“There are decades where nothing happens—and there are weeks where decades happen.” This is a suitable quote describing the events of the past week which saw the world convulse as Vladimir Putin invaded Ukraine. The quote is from a different Vladimir—Vladimir Lenin. Putin perhaps had these words in mind about what he wanted to accomplish when launching the invasion. It has indeed been a week where decades worth of change has happened, but undoubtedly not in the way he had imagined. His goal certainly was of gloriously returning Ukraine to a Russia more powerful and more respected, even more feared, than ever—with its enemies in the West laying divided and weakened like never before. Instead, in less than a week, the West smashed the Russian economy with a wall of sanctions while Ukrainians pulverized and humiliated the Russian army in its streets—crippling the invasion and bringing it to a slow bloody crawl that will have far reaching effects. All the progress post-Soviet Russia had accomplished in three decades had been obliterated. Europe and NATO stood in lockstep solidarity against Russian aggression. Surely, Putin never imagined he would change the world in this way. And he undoubtedly would have never calculated the change that came from Germany once his invasion was underway.
Going into Ukraine, Putin likely thought he knew Germany well. After all, he spent 5 years as a Soviet KGB officer in Dresden. He knew a pacifist Germany would keep NATO and the West divided. He had read all the western complaints about Germany repeatedly falling far short of the goal set by NATO that their members spend at least two percent of their GDP on defense funding. The country even had a long-held policy of not sending any weapons it produced to warzones. Indeed, with Germany’s history in both world wars, the country seemed afraid of its own shadow when it came to anything martial. Without a doubt, Otto von Bismarck would be rolling in his grave.
Germany for decades has pursued the diplomatic policy of Ostpolitik that works to embrace a relationship with Russia. Angela Merkel, while trying to mediate between Ukraine and Russia in 2015, tried to hold a firm line with Russia in the Minsk Agreements, yet went ahead and rewarded Russia’s illegal annexation of Crimea by agreeing to go forward with the $11 billion Nord Stream 2 pipeline that would make Germany even more dependent on Russian natural gas. It was a move that did not seem strategically sound because Russia’s past use of its oil and gas exports as a weapon. The approval of the pipeline was received with condemnation among Germany’s allies, most notably, the United States. Even Merkel’s predecessor, Gerhard Schröder, currently sits on the boards of several Russian oil giants. Schroeder is not shy in anyway of his very close relationship with Putin.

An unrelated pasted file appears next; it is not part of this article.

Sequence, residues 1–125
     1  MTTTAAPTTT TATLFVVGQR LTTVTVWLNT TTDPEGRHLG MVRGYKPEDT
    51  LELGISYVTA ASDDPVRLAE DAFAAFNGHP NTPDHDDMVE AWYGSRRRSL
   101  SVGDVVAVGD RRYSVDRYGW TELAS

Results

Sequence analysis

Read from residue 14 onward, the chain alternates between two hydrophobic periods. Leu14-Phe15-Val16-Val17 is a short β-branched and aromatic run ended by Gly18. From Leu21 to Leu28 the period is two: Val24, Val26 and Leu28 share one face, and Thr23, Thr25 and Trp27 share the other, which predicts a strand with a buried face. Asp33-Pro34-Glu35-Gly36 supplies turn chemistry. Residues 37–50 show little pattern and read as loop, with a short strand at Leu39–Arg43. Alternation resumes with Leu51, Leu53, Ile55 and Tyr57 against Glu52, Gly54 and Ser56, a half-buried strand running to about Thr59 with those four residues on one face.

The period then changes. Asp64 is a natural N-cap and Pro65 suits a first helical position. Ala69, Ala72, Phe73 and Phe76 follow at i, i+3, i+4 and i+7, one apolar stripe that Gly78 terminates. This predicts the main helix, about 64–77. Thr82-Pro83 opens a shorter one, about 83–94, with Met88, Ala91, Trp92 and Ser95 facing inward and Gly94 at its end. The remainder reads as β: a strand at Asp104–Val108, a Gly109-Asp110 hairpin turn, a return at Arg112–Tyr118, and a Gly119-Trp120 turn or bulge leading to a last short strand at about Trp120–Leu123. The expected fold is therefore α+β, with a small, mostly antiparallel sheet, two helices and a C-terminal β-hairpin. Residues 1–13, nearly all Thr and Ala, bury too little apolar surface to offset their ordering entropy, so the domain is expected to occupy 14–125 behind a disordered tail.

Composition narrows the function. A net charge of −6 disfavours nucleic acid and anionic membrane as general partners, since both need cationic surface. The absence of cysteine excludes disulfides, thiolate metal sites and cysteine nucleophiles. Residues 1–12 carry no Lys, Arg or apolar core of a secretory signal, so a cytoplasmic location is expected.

If Putin had any doubts about Germany’s new leader, Chancellor Olaf Scholz, he was soon put at ease. From the moment he took office, Scholz seemed to embrace a continuation of German foreign policy. With Putin amassing his military on Ukraine’s borders, Germany sat on the fence. It even stopped the shipment of old military equipment from the Netherlands and Estonia for Ukraine to defend itself. The New York Times ran with a headline, “Where Is Germany in the Ukraine Standoff? Its Allies Wonder.” Facing pressure from allies to do more to help Ukraine, Germany soon found itself pilloried for offering Ukraine a measly 5,000 helmets to defend itself. The German Defense Minister, Christine Lambrecht, announced the gesture to much derision saying, “It’s a clear signal: we are on your side.” Former boxer and current mayor of Kyiv, Vitali Klitschko, reacted by saying, “Five-thousand helmets is an absolute joke. What support are they going to send next? Pillows?”
It was another boxer, this time Mike Tyson who once said, “Everybody has a plan until they get punched in the mouth.” This is exactly what happened to Putin once his invasion started. Certainly, he did not plan for how Ukraine and the West fought back. Germany, his planned wedge in the Western alliance, acted decisively against the Russian invasion. Immediately Olaf Scholz ended the ban on exporting weapons to Ukraine. He then halted finalization of the Nord Stream 2 pipeline. During a special session of the Bundestag, where every word Olaf spoke was history in the making, he announced Germany was no longer favoring deterrence over conflict with a one-time increase in military spending of $100 billion and a permanent military spending of two percent annually of its GDP. “At the heart of the matter is the question of whether power can break the law,” Scholz said. “Whether we allow Putin to turn back the hands of time to the days of the great powers of the 19th century. Or whether we find it within ourselves to set limits on a warmonger like Putin.” As sanctions ratcheted up, Olaf in the coming days made his thoughts known on Gerhard Schröder’s position on the boards of Russian oil giants, “I find that it is not correct for Gerhard Schröder to hold these offices. And I think it would be correct for him to give them up.” Embarrassed by their boss’s refusal to give up his role on the boards, Schröder’s entire staff resigned in protest.